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If you’re considering fostering a child in Colorado and want insights into common challenges, you’ve come to the right place. Since 2012, Courage Community Foster Care has been fostering life-changing connections. In this blog post, we’ll explore the most common fostering challenges. If you’re interested in learning more, keep scrolling below.

As a prospective foster parent, it’s crucial to be prepared for the common challenges you may face. Below, we’ll delve into the most frequent issues encountered by foster parents.

Adjustment Period

When a child is newly placed in foster care, they may require a significant amount of time to adapt to their new environment. Foster parents, especially those without biological children, may also face an adjustment period.

Dealing with the demands on time and energy can be challenging, so it’s essential to consider this before beginning the application process. Understanding how one’s social life may change and preparing for the needs of the foster child is crucial to prevent burnout.


As a prospective foster parent, selecting the right fostering agency in Colorado, such as Courage Community Foster Care, is crucial. Our agency offers comprehensive support to help you navigate the adjustment phase successfully.

With access to a dedicated social worker and a supportive community of foster parents, you’ll have the guidance and assistance you need throughout the process.

Interacting with Biological Family Members Without Guidance

A child is typically placed in foster care due to issues within the biological family. Navigating this situation can be challenging, especially if the foster child struggles during visits with their biological family.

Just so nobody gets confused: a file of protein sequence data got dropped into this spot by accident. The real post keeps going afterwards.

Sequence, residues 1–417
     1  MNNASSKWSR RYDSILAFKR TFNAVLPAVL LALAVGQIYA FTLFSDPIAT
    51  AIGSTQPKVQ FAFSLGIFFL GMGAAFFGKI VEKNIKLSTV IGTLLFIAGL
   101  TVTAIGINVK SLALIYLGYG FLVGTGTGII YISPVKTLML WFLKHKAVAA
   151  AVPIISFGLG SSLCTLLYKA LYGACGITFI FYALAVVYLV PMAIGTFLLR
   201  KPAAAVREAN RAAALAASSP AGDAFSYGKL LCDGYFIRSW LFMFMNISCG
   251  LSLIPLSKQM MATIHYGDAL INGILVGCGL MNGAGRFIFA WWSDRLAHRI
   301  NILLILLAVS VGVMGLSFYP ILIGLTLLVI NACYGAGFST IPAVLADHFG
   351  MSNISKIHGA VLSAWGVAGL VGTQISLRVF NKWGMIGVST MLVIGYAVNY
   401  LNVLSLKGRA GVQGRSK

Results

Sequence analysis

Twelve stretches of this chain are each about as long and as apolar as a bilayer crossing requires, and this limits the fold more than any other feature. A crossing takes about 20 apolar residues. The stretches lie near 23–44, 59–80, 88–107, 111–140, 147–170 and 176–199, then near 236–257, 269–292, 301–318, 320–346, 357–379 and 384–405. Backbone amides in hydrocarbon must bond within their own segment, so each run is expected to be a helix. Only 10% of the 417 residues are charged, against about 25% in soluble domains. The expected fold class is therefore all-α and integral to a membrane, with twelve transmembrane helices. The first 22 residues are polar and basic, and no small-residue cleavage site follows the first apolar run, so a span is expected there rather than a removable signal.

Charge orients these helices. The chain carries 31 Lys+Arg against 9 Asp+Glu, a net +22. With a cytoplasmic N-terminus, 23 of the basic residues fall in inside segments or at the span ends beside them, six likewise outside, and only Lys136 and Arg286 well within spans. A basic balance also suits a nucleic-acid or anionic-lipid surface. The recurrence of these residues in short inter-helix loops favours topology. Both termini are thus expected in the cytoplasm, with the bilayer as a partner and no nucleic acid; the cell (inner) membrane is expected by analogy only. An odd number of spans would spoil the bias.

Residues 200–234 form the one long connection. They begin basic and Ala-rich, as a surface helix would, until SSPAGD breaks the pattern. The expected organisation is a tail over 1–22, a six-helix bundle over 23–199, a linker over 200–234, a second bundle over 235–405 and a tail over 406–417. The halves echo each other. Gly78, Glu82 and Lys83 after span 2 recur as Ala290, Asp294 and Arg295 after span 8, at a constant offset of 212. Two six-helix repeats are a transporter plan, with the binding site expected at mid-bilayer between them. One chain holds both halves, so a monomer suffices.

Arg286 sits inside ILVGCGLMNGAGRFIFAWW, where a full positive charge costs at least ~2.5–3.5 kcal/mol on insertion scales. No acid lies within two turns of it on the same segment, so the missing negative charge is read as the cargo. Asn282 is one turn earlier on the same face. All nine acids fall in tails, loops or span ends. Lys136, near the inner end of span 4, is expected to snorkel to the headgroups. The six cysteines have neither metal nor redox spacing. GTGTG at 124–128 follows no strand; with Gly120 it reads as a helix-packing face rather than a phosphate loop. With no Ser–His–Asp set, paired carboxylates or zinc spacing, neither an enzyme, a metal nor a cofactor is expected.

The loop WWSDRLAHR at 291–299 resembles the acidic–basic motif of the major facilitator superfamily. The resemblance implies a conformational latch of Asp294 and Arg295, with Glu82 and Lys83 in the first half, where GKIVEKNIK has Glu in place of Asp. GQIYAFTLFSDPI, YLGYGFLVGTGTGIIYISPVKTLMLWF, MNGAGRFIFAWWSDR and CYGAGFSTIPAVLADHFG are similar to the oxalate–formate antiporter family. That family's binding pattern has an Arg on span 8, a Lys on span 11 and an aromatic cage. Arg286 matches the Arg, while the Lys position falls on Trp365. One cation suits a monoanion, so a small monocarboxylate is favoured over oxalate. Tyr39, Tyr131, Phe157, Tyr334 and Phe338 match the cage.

They may resist seeing them due to repeated disappointment when the birth parents fail to attend planned visits. Witnessing the foster child’s distress and feelings of neglect can be emotionally taxing for foster parents.


As a foster parent, seeking assistance from your social worker to facilitate communication with the birth family can help bridge the gap. The ultimate aim of foster placement is reunification, and foster care training received during the application process equips you with the necessary tools to navigate such situations effectively with the support of your social worker.

Behavior Issues

Foster children often exhibit challenging behavior due to the difficult and traumatic experiences they’ve endured in their lives. These behaviors may manifest at home with foster parents or at school with teachers.


To address the behavior issues of your foster child, seek guidance from the social worker or foster placement agency for effective behavior management strategies.

Every foster child is unique, with a different background, trauma, and story. Working closely with the social worker and the child ensures that their feelings are validated and they understand they are in a safe environment where they will receive love and care.

Challenges in Motivating Education

Many foster children lack exposure to educational environments, often due to traumatic childhood experiences. Consequently, they may struggle academically, facing difficulties in studying and learning at school.